The Nile becomes the domain of Osiris. His mythology follows the regeneration of life upon the desolate earth after flooding. He becomes identified with death, resurrection and the after-life. To learn more about the Osiris mythology and its interaction with the sun god mythology, go to I think we still have shadowy remnants of these ideas when we look to the heavens for God and celebrate rebirth every spring.

Now I'm across the street from the Luxor Temple in a bookstore. As serendipity would have it, I find a most interesting book. It's entitled Development of Religion and Thought in Ancient Egypt and is written by James Breasted , an esteemed Egyptologist.

The Great Pyramids of Gizeh were built from 2575 to 2150 BCE and stretch some 60 miles along the edge of the desert. They represent an incredible effort of an entire society through purely material means "to immortalize the king's physical body, enveloping it in a vast and impenetrable husk of masonry, there to preserve forever all that linked the spirit of the king to material life." (Breasted, p 178) I use to think of the Pyramids as a monument commemorating a Pharaoh when actually they are a material place for immortality.

After about 2100 BCE, Pyramids were no longer built and after another 1000 years, they were mostly forsaken, left desolate amidst the shifting sands of time. An age of political disintegration took hold of Egypt. Mournfully, they began to realize the futility of massive masonry to insure immortality.  Skepticism ensued and with it, new ideas took root.

The afterlife which had been the sole domain of Pharaoh was democratized to nobles and eventually common people. Osiris and the sun god were redacted into a blended, if not always consistent, theology. By 1300 BCE a new religious order worshipping the sun god Atum was established. Thebes or modern day Luxor was at its center.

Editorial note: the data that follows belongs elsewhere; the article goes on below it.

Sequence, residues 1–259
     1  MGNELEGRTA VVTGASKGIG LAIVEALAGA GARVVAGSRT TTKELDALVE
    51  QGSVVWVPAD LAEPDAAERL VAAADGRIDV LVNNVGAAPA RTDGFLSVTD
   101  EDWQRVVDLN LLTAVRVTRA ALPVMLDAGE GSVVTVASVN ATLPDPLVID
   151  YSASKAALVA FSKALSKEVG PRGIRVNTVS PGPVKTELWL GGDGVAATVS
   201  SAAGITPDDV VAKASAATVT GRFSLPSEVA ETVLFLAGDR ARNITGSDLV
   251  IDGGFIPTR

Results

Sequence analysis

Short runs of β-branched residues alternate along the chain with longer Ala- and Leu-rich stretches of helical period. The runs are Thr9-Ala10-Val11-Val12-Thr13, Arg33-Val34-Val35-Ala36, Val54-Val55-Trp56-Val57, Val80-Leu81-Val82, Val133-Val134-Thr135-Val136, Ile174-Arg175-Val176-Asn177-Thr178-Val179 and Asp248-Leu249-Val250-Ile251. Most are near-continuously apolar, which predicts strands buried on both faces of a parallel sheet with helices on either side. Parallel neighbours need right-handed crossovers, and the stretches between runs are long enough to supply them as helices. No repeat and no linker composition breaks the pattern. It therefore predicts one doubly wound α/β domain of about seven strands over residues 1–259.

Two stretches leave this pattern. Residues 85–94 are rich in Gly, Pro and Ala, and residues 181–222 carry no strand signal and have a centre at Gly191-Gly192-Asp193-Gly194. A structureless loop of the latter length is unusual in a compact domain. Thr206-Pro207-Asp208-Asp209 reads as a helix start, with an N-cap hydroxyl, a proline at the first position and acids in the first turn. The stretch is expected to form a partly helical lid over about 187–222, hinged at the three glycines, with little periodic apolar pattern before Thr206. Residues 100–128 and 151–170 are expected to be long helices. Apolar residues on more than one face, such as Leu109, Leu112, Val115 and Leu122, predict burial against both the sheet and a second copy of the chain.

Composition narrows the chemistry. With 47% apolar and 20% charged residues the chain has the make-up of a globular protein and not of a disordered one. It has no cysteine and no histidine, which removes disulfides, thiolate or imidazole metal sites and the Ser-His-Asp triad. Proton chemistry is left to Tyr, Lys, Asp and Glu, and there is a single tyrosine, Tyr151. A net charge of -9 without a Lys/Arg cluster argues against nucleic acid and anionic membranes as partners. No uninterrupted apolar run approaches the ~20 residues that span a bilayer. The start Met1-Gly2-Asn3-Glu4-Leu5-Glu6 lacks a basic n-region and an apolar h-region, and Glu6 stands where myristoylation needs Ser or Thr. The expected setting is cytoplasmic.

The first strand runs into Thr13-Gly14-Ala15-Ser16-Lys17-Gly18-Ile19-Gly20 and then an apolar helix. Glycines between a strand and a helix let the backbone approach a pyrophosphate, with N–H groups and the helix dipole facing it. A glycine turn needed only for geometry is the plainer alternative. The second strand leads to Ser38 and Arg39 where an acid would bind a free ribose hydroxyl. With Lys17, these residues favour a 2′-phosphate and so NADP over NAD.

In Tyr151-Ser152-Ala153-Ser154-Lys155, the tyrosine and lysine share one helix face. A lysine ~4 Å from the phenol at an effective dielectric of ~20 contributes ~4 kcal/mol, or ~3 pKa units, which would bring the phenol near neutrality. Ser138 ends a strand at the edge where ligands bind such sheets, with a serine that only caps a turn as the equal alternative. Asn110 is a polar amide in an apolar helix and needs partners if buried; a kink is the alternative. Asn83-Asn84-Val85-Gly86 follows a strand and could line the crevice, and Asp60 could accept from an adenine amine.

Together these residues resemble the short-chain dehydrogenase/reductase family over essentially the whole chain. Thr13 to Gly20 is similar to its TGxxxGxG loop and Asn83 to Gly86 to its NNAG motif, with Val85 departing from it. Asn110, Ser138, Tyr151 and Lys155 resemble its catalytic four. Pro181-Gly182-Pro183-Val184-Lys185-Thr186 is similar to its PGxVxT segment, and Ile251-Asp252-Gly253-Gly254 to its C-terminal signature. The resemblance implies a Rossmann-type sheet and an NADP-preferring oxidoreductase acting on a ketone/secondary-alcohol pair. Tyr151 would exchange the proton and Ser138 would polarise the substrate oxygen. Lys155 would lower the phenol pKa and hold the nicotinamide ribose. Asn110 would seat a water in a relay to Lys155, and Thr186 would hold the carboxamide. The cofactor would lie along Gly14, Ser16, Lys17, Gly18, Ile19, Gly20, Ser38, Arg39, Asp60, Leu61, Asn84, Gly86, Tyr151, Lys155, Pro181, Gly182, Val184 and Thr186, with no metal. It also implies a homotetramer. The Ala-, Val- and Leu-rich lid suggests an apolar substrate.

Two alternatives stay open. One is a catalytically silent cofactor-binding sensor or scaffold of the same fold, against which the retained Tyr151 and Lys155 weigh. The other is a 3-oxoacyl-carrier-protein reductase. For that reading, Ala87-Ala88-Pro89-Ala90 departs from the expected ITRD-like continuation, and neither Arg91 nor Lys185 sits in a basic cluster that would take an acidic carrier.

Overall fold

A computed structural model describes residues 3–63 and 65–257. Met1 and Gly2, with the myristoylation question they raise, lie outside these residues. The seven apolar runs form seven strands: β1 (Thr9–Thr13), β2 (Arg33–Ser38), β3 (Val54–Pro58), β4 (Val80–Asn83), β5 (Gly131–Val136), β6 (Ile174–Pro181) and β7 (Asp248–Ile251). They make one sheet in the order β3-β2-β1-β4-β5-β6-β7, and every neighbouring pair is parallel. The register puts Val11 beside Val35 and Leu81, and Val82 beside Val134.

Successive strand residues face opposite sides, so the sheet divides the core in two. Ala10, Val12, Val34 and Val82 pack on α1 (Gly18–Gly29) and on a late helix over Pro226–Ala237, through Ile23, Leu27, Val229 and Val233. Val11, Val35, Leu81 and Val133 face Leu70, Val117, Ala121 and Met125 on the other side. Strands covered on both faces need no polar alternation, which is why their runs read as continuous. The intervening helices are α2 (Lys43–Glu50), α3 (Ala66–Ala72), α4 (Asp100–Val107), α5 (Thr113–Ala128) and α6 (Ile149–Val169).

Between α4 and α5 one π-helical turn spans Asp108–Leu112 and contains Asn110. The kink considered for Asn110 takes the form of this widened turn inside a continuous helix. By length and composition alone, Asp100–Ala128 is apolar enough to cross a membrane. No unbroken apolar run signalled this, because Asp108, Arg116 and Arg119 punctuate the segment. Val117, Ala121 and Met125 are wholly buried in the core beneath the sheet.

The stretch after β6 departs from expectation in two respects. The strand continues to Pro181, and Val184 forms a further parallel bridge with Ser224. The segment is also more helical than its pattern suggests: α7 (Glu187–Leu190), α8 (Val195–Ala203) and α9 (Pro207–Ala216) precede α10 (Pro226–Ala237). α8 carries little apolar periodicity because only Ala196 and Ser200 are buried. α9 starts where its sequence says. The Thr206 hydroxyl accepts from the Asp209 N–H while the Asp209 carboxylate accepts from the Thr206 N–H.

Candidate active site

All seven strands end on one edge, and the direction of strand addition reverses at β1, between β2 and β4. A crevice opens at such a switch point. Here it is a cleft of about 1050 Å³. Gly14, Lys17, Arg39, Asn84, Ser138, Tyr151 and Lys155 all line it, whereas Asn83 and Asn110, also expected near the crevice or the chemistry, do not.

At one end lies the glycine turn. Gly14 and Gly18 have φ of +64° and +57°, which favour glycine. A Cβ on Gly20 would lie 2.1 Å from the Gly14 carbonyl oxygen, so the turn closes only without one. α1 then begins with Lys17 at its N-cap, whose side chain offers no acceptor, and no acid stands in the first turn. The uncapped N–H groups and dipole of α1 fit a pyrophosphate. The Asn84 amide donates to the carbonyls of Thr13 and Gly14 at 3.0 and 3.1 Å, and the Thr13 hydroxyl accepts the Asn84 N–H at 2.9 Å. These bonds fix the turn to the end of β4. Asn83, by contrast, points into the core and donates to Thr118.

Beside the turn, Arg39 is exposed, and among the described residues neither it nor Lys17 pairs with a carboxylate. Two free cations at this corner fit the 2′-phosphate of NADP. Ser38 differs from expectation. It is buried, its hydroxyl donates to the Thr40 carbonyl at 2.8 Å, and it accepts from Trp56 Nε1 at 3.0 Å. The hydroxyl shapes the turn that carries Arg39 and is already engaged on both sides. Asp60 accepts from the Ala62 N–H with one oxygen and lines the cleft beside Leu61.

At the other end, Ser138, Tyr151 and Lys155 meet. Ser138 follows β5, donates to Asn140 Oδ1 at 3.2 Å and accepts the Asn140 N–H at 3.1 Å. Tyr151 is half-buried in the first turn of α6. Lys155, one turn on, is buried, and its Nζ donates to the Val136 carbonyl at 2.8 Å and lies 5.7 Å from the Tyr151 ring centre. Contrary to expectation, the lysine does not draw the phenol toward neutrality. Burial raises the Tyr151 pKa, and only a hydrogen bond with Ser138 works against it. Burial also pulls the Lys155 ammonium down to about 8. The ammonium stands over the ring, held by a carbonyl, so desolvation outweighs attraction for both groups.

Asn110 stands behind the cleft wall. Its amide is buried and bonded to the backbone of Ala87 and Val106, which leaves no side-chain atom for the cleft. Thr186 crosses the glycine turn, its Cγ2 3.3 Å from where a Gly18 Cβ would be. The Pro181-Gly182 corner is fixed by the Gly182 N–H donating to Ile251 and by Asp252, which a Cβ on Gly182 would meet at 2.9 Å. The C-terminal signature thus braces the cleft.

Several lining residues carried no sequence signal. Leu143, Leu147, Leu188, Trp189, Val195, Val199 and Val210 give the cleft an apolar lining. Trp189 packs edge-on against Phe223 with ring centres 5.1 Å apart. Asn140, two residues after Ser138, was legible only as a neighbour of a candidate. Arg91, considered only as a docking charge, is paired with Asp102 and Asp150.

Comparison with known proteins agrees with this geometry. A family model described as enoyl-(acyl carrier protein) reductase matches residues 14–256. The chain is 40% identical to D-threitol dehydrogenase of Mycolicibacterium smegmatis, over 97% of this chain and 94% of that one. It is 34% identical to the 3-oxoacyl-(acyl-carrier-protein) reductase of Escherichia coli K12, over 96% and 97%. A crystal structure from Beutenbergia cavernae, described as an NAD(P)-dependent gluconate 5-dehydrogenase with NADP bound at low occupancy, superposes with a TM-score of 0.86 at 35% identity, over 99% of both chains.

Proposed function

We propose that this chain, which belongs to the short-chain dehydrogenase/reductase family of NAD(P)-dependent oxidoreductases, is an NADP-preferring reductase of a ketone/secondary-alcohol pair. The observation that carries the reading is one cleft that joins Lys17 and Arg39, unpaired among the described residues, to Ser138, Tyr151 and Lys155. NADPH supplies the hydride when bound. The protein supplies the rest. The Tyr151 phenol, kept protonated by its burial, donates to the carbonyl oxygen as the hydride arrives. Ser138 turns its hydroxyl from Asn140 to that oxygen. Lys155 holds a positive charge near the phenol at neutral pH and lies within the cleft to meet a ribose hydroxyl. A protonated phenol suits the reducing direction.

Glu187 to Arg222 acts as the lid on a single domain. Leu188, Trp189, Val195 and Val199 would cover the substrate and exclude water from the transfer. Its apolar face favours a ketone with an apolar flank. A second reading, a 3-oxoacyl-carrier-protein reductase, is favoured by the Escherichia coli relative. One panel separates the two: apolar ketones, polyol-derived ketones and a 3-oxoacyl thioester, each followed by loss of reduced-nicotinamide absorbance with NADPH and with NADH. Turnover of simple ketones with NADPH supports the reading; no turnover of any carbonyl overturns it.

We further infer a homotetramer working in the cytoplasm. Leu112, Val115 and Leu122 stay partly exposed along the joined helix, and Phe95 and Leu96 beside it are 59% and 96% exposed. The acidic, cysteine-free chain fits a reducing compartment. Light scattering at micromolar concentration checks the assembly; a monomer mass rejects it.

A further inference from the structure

Now I am here.

As I stand among colonnades of Luxor Temple or visit Karnak Temple or wander the Valley of the Kings, I feel linked with these places. I realize that the development of human thought once moved through here and now moves through my generations and one day will move into places not yet imagined.

Later that night, we join a group for an evening of star gazing under the desert sky. Climbing a sand dune, we watch the sun go down or is it dying in the west. I now understand how natural phenomena can be given mythological meaning.

We gather around tables to enjoy a delicious Egyptian meal with people from South Africa, France, Holland, England and our Egyptian hosts. We are a diverse human family and yet we come together under the stars.

We are shown the Milky Way, constellations and star clusters. One star, Aldebaran, or the Bull`s eye, is said to be 65 light years away. I gasp, “Yikes, this one started its light path to earth during the year of my birth.”

Of course, other stars are much further away. They say our galaxy is about 120,000 light years in diameter and it is one among billions of other known galaxies.

Gazing into the heavens puts perspective on my Egyptian trip. As ancient as Egypt is, it is but a recent moment in the life of the universe. We are just beginning to send our light to distant places.

Like ancient Egyptians before me, I look up at the colonnade and the stars and I can't help but wonder. What meaning? What stories are yet to be told? What will human life and thought and religion look like in another 5000 years and beyond?